Israel may appoint a new governor for the Bank of Israel within weeks, following the withdrawal of two candidates to replace Stanley Fischer, Minister of Economy Naftali Bennett said.
A vacuum at the helm of the central bank “is never great,” he said today in an interview with Bloomberg Television. Fischer, former vice chairman of Citigroup Inc. and onetime thesis adviser to Federal Reserve Chairman Ben S. Bernanke at Massachusetts Institute of Technology, left office in June. Fischer’s deputy, Karnit Flug, is now acting governor.
“We’re doing a meticulous job,” Bennett, 41, said, “and that’s why we’re going to have a central banker within a couple of weeks.”
Flug surprised markets on Sept. 23 with a quarter-point reduction in the bank’s benchmark rate to 1 percent, sending the shekel lower for the first week in three. The decision on a successor will be taken by Prime Minister Benjamin Netanyahu in consultation with Finance Minister Yair Lapid and must be approved by the cabinet.
The daily Haaretz reported on Sept. 29 that Netanyahu is looking for new candidates beyond the three currently under consideration.
Israel can continue for several months without a central bank chief and weather the embarrassment of losing Netanyahu’s first two nominees, said Alex Zabezhinsky, chief economist of DS Investment House Ltd. in Tel Aviv.
“The credit agencies say it’s not good, but it’s not dramatic,” he said. “We also see uncertainty in the U.S. over Bernanke’s successor” after former Treasury Secretary Lawrence Summers withdrew his name.
The Israeli shekel, which has gained 5.5 percent this year against the dollar, is the biggest gainer among 31 major currencies tracked by Bloomberg.
The Bank of Israel plans to purchase $3.5 billion in 2014 to offset the impact of natural gas production on the balance of payments. It will probably accelerate its foreign currency intervention as economic growth slows to a projected 3.3 percent from 3.5 percent in 2012, Barclays said in a Sept. 29 report. The Bank of Israel expects growth of 3.6 percent this year.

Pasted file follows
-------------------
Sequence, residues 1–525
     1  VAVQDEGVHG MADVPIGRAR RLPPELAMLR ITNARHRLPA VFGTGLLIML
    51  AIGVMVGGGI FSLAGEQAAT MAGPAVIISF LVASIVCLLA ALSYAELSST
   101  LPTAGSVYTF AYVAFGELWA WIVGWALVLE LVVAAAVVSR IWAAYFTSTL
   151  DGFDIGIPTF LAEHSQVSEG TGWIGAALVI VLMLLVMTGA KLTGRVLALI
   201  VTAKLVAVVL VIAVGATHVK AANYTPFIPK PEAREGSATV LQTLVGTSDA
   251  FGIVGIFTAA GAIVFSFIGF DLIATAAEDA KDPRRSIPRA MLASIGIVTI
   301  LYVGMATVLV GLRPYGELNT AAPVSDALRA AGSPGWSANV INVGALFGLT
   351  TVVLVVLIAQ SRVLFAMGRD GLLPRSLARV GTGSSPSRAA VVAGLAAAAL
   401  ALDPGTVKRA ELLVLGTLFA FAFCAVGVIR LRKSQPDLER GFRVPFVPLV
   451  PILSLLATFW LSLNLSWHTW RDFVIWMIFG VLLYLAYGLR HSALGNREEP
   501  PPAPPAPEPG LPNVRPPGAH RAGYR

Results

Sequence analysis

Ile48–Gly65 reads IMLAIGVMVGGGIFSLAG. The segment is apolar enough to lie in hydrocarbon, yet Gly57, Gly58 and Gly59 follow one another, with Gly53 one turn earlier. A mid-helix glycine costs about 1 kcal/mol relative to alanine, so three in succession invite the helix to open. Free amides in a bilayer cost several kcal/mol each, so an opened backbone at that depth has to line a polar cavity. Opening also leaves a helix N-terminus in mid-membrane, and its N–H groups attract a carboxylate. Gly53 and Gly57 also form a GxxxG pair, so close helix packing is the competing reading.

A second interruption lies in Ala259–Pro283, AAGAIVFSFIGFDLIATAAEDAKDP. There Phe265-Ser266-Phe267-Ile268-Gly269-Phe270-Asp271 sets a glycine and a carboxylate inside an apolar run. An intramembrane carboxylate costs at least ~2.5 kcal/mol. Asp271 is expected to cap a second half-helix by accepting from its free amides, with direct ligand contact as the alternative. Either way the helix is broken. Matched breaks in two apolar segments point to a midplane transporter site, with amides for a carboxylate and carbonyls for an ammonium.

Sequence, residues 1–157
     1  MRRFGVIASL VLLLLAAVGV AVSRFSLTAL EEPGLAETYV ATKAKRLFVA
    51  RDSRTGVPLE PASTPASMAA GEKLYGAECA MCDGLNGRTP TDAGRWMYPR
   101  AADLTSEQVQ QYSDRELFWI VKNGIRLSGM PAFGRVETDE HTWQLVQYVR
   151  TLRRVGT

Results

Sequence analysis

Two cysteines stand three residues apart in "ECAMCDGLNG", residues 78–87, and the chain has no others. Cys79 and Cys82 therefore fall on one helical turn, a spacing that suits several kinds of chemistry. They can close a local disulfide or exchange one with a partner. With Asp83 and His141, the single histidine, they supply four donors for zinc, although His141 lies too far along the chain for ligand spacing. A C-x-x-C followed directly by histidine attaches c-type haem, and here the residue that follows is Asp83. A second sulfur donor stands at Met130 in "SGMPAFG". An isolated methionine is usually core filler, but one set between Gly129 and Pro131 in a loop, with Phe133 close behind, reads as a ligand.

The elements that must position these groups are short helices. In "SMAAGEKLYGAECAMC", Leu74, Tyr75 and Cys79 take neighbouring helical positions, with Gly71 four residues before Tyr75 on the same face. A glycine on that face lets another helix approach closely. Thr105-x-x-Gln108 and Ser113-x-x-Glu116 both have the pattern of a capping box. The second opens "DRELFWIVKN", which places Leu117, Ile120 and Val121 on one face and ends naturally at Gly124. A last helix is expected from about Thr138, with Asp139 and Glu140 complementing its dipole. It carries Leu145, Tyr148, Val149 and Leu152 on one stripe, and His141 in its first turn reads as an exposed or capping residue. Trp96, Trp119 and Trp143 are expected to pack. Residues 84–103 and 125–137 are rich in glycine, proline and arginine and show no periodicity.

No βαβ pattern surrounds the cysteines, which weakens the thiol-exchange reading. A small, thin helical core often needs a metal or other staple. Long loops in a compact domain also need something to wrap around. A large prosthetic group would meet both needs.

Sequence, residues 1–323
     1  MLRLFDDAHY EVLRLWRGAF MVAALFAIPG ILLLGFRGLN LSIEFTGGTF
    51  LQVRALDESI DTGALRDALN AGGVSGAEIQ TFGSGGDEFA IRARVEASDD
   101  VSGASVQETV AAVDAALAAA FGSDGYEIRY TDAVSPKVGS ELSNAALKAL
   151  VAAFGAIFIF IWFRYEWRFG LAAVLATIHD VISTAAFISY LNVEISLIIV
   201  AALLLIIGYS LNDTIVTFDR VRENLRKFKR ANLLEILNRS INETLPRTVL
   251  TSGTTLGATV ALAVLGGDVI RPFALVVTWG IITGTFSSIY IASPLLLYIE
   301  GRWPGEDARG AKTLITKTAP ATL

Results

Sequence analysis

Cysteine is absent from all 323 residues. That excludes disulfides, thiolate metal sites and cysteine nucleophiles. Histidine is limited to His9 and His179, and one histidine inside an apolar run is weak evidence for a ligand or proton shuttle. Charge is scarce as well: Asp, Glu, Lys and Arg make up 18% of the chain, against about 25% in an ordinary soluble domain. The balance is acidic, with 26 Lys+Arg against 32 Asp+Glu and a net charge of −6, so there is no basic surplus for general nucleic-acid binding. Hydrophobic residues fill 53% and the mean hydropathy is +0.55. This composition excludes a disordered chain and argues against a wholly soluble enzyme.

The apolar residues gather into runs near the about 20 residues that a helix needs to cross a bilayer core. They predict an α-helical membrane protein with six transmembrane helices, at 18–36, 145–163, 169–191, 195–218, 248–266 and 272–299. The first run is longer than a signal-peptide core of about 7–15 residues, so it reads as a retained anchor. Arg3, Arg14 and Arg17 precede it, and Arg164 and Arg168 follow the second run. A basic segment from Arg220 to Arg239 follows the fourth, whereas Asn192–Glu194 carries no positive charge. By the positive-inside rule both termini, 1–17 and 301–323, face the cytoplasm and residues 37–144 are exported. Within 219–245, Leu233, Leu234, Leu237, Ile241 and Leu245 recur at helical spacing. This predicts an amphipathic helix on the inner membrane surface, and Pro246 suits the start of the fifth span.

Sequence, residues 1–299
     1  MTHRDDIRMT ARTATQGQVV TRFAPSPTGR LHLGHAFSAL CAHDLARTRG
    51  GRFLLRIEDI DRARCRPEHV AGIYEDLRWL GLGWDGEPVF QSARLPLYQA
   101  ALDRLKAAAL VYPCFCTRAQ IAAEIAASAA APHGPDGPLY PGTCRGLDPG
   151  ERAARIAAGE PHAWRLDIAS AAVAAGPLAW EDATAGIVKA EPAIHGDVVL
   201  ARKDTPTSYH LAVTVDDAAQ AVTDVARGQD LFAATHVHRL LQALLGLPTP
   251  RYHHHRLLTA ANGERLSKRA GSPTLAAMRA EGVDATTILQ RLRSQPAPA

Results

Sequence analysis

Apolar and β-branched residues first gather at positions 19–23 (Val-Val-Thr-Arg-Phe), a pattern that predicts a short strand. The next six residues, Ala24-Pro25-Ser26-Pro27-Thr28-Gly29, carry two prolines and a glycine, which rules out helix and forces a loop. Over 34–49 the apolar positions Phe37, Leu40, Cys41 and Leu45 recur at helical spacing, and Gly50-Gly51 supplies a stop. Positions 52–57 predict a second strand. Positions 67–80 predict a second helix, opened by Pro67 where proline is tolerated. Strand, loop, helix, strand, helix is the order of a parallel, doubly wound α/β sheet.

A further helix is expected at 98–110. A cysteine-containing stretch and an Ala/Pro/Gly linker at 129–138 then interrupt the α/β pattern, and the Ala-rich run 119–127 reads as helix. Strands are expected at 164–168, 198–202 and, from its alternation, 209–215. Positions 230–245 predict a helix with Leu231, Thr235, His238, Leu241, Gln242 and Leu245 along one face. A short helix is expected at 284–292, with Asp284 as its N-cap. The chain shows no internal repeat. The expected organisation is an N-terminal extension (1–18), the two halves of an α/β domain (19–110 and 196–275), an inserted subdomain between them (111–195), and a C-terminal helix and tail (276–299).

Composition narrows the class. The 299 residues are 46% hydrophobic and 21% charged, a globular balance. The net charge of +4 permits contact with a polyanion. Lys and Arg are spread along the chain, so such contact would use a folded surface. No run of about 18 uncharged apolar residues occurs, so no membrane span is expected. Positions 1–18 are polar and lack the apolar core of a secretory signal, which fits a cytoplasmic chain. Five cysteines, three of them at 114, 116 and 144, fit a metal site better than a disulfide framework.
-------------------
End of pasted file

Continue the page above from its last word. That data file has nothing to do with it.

Bennett, a frequent critic of Netanyahu though once his top parliamentary aide, said the prime minister was right to excoriate Iranian President Hassan Rouhani at the United Nations this week. Netanyahu called Rouhani a “wolf in sheep’s clothing.”
“Do we hope the diplomatic process will bring the dismantling of Iran’s nuclear project? Yes, we hope so,” Bennett said, adding that the chances of that happening are “very low.”
Bennett, whose computer security company Cyota Inc. was sold in 2005 for $145 million, returned from a trade mission to China two days ago and heads for India next week. “We’re opening up very powerfully to the east,” as Israel seeks to develop export markets beyond its biggest ones in Europe and the U.S, he said. Israel will focus on exporting technology products connected to energy, water, agriculture and food, Bennett said.
Besides leading the Economy Ministry -- previously called the Ministry of Industry, Trade and Labor until he renamed it -- Bennett is also Israel’s minister of religious affairs and minister of Jerusalem and diaspora affairs. He sits in the seven-member Political Security Cabinet with Netanyahu, which determines foreign and defense policy.
After leading the main lobbying group for Jewish settlers in the West Bank, Bennett ran for parliament as head of the religious party, Jewish Home. His rejection of a two-state solution to the Israeli-Palestinian conflict puts him out of step with Netanyahu, who accepts the establishment of a Palestinian state provided it’s demilitarized and Palestinians recognize Israel as a Jewish state.
“The issue primarily is the security and sovereignty issue which creates many, many problems, which seem right now unsolvable,” Bennett said. “Palestinians currently do govern themselves and that’s the right way to go about it” without recognizing their statehood.
With a plan to annex more than 100 settlements in the West Bank while offering Israeli citizenship to some 60,000 Palestinians, Bennett says a Palestinian state would be “a failed and hostile state to begin with, just like the one we have in Gaza.” He advocates a “massive economic effort to boost the quality of life for Israelis and Palestinians in the region.”
Palestinian President Mahmoud Abbas, whose negotiators started peace talks with Israel in July after a three-year freeze, says all settlements are illegal under international law and should be removed. The United Nations General Assembly recognized Palestine last year as a non-member observer state in a move opposed by the U.S. and Israel.